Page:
Keeping the capital in the Rupununi
A Rupununi livestock farmer happy for the support she’s received.
A Rupununi livestock farmer happy for the support she’s received.

– How RLPA has promoted ‘buying local’

FORMED by a group of ranchers in the early 1970s, the Rupununi Livestock Producers Association (RLPA) is the oldest non-governmental organisation in the Rupununi, which has managed to trump the dormancy that it experienced some years ago. The group has since developed into a vibrant, well-supported organisation helping scores of livestock farmers.

When Michelle Kenyon joined RLPA in 2015, she was elected treasurer, but when the last elections were held, she became the Vice President with Rebecca Faria being ‘Chair’. The management committee is usually voted in when the general meeting is held.

Anyone from across the five districts of Region Nine (Upper Takutu-Upper Essequibo) with livestock is allowed to become a member. All of the positions are voluntary.

The board of directors would meet with policymakers and other stakeholders to negotiate on behalf of the 130 members and the livestock industry.

“The main objective is to lobby, encourage, and promote improvement in the production of the livestock industry and to partner with the relevant institutions,” Kenyon told Pepperpot Magazine, adding, “Together, we have a stronger voice. If it was just a small farmer on their own trying to get support, chances are he will not be heard, but the RLPA is well recognised in the region and we have a bigger platform to reach the higher offices.”

Since the association was revitalised, its biggest support came from the Sustainable Wildlife Management Programme funded by the European Union. So for the past four years, the RLPA was identified to carry out the livestock component of the programme.

The programme looks at improving food security in the region, wildlife conservation, livelihoods, etc., and the technical and financial support from which the RLPA has benefitted has allowed the association to grow. Before such support, the RLPA had only been able to conduct the annual Rupununi Rodeo for which it has oversight.

“We were able to establish a livestock hub in the region – the first of its kind; we have established a hatchery for poultry at the rodeo site and, to date, we have six full-time staff. We also do outreaches in every quarter around the districts,” Kenyon informed regarding the achievements of the association recently.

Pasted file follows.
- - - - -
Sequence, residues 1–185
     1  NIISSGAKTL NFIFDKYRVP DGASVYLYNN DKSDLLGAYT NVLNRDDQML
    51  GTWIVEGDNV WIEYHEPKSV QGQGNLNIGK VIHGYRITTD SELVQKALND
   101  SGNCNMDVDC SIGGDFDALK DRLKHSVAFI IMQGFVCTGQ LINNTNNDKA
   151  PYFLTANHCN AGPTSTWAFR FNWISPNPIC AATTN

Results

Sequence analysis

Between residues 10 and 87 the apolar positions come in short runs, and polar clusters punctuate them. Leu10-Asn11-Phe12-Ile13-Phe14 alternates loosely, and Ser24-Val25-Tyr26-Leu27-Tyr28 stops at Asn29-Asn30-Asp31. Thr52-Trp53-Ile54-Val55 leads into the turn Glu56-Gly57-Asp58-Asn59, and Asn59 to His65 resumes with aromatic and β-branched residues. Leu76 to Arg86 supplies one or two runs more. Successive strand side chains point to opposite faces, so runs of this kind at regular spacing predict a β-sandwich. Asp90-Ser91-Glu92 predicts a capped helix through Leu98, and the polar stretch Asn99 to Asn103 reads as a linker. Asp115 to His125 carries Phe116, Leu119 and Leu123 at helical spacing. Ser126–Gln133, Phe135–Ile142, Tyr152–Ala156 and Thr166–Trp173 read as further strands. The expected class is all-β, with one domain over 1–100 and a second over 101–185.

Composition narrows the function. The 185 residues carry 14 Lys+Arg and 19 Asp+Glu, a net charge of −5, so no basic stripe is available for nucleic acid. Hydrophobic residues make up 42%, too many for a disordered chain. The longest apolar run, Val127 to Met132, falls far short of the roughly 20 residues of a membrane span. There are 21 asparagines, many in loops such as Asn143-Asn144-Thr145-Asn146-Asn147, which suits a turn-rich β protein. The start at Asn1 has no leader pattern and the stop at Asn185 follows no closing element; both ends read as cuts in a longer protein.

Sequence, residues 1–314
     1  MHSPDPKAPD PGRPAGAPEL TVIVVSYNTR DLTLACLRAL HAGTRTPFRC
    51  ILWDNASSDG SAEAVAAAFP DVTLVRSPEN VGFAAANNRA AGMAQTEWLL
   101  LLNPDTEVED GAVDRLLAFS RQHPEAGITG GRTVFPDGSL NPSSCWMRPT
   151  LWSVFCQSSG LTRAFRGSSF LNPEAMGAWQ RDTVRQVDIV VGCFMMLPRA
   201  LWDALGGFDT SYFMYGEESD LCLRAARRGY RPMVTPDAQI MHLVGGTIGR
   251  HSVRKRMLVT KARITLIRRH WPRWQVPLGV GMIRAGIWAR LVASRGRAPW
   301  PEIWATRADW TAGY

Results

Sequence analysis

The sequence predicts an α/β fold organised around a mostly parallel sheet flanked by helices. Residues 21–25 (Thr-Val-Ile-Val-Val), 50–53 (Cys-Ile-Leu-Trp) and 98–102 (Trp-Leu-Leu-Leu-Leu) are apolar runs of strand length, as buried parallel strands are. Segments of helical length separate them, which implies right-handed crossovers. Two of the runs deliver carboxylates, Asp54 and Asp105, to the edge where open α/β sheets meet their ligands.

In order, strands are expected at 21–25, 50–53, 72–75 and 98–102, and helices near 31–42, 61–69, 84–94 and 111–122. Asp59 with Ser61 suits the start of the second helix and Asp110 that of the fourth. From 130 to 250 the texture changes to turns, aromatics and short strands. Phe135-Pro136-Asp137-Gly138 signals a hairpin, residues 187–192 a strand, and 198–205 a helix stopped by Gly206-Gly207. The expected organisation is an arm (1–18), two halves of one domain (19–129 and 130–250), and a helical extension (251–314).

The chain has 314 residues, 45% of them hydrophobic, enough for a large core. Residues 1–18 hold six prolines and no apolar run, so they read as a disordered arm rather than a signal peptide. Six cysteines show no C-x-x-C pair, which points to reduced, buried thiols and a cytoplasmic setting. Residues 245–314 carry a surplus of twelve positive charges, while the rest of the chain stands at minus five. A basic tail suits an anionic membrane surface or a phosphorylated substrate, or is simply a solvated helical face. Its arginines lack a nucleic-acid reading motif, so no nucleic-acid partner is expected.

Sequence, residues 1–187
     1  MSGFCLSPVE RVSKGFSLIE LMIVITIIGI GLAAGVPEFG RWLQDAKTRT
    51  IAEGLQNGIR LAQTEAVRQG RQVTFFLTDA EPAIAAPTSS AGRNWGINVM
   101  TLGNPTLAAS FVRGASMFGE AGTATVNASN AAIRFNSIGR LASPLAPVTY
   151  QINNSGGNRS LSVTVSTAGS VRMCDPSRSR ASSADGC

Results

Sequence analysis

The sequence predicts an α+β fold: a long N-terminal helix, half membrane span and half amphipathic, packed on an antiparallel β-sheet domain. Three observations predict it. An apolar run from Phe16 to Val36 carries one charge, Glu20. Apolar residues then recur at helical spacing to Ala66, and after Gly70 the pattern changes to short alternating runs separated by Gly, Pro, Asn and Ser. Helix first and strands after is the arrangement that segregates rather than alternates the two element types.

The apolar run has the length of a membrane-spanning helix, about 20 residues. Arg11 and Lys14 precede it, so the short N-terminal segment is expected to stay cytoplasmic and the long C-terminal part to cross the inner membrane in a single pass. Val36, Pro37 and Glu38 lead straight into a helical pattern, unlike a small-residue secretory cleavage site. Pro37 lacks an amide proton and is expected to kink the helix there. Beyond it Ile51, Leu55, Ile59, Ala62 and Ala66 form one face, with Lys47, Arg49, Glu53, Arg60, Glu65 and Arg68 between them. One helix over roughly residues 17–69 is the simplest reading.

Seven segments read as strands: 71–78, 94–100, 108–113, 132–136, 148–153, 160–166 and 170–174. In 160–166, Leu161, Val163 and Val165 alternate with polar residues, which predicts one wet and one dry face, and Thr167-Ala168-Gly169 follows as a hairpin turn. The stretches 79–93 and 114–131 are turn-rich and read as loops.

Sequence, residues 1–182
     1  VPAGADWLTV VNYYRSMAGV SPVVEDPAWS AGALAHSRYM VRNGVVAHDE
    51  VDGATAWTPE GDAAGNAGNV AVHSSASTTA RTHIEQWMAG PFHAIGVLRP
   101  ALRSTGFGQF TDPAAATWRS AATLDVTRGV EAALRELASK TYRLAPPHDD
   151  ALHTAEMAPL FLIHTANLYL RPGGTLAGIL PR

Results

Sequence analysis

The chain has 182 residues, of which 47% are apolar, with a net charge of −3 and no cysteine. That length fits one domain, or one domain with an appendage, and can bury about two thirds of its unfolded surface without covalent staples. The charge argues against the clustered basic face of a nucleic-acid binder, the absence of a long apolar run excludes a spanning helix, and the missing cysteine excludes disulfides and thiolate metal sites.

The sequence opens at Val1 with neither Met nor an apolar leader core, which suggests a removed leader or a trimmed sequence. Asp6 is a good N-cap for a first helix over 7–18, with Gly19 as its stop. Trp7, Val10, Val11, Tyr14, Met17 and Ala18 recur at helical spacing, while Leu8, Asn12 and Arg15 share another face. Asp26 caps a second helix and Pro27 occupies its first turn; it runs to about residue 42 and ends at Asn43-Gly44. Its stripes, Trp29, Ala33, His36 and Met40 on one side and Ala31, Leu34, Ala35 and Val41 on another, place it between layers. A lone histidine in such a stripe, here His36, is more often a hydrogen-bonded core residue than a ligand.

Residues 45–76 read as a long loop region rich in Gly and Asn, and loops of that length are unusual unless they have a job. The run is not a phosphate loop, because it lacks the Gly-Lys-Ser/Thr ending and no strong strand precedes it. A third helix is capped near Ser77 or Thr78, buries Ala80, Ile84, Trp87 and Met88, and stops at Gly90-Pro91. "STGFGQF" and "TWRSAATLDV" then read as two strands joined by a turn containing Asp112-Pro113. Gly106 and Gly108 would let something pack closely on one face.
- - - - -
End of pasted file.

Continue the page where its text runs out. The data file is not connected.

Furthermore, it received more funding from the ‘Greater Guyana’ initiative to build on the work that was already started. “Through the Greater Guyana initiative, we have been able to open the first producer-owned hatchery and we started hatching the domestic chicks – Rhode Island Red Chicks – and our next move is to start hatching the broiler chicks. It will be cheaper for farmers and there will be a consistent supply so this should improve the local market greatly,” Kenyon shared.

Buy Local
Another major accomplishment of the RLPA was to see a decline in the amount of chicken and eggs that were being imported from Brazil. The folks in Region Nine made huge purchases because there were not many local poultry farmers.

“It’s quite a lot of money, so we were saying that if half of this can come to our local farmers it will be of much benefit. We ran a campaign called ‘Local Meat You Just Can’t Beat’ encouraging people to buy local. We tried to sell the idea that it’s healthier, fresh, the money is kept here in the Rupununi,” Kenyon recalled.

As a result, they saw a big improvement in poultry production in the region with more stores and supermarkets selling local poultry. While encouraging people to buy local, at the hub, the RLPA sell livestock products like feed, waterers and whatever else is needed for poultry and provide the technical support needed for free.

“A lot of small farmers want to start up but they don’t have money. In order for you to get loans, it’s complicated for someone in the village who doesn’t have assets, a job and documents. I hope that RLPA would grow to a point where we can help farmers start up,” Kenyon expressed.

The association recently received funding from the Hinterland Environmental Sustainable Agriculture Development Project (HESAD) through the Ministry of Agriculture to do a poultry project in five villages in the Deep South Rupununi where they will be helping farmers with a start-up. Funding was also obtained from the New Zealand government to do a small bee project where ten persons were trained in apiculture.

“With so many changes in the world, like climate change, we have to start thinking and be clever about how we will secure our food,” Kenyon posited.


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